Rapid HIV tests in high-income countries miss about one in seven infections and should be used in combination with fourth-generation enzyme immunoassays (EIA) or nucleic acid amplification tests (NAAT) in clinical settings, according to a study in the journal AIDS.

“These infections are likely to be particularly transmissible due to the high HIV viral load in early infection … in high-income countries, rapid tests should be used in combination with fourth-generation EIA or NAAT, except in special circumstances,” the Australian researchers said.

They performed a systematic review and meta-analysis of 18 studies involving 110,122 HIV rapid test results. The primary outcome was the test’s sensitivity for detecting acute or established HIV infections. Sensitivity was calculated by dividing the number of confirmed positive rapid tests by the number of confirmed positive comparator tests. Specificity was calculated by dividing the number of confirmed negative rapid tests by the number of negative comparator tests.

Compared with EIA, the estimated sensitivity of rapid tests was 94.5% (95% confidence interval, 87.4-97.7). Compared with NAAT, the sensitivity of rapid tests was 93.7% (95% CI, 88.7-96.5). The sensitivity of rapid tests in high income countries was 85.7% (95% CI, 81.9-88.9), and in low income countries was 97.7% (95% CI, 95.2-98·9), compared with either EIA or NAAT (P less than .01 for difference between settings). Proportions of antibody negative acute infections were 13.6% (95% CI, 10.1-18.0) and 4.7% (95% CI, 2.8-7.7) in studies from high- and low-income countries respectively (P less than .01).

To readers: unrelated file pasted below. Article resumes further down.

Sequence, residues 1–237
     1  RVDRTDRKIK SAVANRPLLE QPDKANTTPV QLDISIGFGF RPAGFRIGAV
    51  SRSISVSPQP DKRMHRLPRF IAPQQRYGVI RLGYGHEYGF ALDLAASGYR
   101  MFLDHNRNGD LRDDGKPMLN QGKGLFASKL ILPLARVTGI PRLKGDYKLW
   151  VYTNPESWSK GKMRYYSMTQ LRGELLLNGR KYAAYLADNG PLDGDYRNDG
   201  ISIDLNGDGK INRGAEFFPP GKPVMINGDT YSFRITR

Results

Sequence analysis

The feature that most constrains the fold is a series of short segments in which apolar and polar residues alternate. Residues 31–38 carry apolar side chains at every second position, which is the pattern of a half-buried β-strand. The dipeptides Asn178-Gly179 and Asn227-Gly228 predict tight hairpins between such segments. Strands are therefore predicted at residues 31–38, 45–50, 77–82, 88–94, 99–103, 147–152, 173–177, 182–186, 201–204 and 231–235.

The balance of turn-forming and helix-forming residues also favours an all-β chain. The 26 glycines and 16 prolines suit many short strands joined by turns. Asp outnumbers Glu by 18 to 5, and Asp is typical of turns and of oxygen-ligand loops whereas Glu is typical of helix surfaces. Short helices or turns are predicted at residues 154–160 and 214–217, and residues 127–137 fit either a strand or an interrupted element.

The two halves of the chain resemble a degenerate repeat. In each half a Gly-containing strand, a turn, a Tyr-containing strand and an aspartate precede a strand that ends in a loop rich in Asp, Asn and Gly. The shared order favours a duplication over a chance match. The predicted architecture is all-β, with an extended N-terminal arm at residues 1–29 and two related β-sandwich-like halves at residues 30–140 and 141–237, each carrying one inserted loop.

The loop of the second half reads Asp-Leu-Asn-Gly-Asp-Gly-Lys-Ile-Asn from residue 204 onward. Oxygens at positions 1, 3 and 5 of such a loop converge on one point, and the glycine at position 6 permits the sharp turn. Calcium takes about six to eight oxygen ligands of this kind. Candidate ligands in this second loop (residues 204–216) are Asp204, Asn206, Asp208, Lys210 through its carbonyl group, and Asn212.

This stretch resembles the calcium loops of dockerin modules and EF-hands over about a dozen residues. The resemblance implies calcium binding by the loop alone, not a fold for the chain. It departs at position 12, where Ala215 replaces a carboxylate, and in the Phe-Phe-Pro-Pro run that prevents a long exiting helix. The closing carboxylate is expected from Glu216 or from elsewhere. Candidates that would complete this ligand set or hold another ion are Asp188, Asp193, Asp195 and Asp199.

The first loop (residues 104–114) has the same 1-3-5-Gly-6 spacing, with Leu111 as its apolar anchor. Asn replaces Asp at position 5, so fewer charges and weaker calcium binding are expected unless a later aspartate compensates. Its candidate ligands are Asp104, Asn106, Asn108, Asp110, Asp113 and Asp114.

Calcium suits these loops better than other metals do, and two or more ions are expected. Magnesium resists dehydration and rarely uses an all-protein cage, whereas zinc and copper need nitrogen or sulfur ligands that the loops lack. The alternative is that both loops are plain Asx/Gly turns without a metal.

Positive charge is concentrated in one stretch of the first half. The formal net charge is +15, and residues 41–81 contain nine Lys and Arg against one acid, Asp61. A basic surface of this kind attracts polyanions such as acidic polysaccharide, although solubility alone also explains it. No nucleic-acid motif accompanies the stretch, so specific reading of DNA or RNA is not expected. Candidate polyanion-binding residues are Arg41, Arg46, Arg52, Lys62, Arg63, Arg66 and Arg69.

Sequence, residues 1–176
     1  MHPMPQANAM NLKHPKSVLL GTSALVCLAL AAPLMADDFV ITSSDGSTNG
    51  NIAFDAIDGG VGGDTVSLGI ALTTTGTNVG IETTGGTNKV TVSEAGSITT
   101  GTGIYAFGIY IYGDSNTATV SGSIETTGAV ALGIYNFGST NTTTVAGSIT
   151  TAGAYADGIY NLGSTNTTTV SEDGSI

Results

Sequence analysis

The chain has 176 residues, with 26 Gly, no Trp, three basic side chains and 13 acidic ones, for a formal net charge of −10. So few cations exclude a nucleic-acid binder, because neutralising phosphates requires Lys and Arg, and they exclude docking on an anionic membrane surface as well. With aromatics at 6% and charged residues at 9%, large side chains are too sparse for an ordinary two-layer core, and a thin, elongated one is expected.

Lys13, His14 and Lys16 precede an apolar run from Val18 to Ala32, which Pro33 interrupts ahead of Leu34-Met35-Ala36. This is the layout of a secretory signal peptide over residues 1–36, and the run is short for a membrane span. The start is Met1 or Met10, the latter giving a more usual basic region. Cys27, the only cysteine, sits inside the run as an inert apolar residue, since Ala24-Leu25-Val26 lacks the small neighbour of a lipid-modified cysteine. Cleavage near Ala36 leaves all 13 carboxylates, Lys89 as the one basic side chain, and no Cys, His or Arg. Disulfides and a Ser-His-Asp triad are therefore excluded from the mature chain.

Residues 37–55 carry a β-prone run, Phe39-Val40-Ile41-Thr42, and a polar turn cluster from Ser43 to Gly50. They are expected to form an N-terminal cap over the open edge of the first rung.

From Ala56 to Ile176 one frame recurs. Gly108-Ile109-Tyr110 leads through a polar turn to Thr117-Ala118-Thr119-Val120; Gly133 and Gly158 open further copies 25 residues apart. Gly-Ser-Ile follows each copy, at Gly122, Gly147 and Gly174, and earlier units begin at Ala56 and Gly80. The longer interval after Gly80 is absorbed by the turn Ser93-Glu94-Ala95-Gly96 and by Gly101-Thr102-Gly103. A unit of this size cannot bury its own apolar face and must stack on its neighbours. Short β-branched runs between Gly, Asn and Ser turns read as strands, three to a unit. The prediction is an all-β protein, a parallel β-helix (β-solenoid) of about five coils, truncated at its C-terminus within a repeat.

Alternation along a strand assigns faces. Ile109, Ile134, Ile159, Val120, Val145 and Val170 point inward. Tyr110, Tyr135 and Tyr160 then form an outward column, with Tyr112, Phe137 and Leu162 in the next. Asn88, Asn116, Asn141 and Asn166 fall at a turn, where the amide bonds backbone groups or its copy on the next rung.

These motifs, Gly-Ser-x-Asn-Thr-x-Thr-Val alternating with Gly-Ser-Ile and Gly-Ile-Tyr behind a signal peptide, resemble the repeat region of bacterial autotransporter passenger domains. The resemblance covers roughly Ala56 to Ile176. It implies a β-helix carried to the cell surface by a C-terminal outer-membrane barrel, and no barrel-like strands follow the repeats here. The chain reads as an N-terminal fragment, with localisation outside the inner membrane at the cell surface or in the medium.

Rapid tests were less sensitive when used in clinical settings in high-income countries, regardless of whether they were compared with a NAAT or fourth-generation EIA. However, the researchers noted that the discrepancy between high- and low-income countries could be attributed to the higher proportion of acute HIV infections (antibody-negative NAAT positive) in populations tested in high-income countries, which might reflect higher background testing rates or a higher incidence of HIV in men who have sex with men.

Read the full study in AIDS ( doi: 10.1097/QAD.0000000000001134 ).

On Twitter @richpizzi


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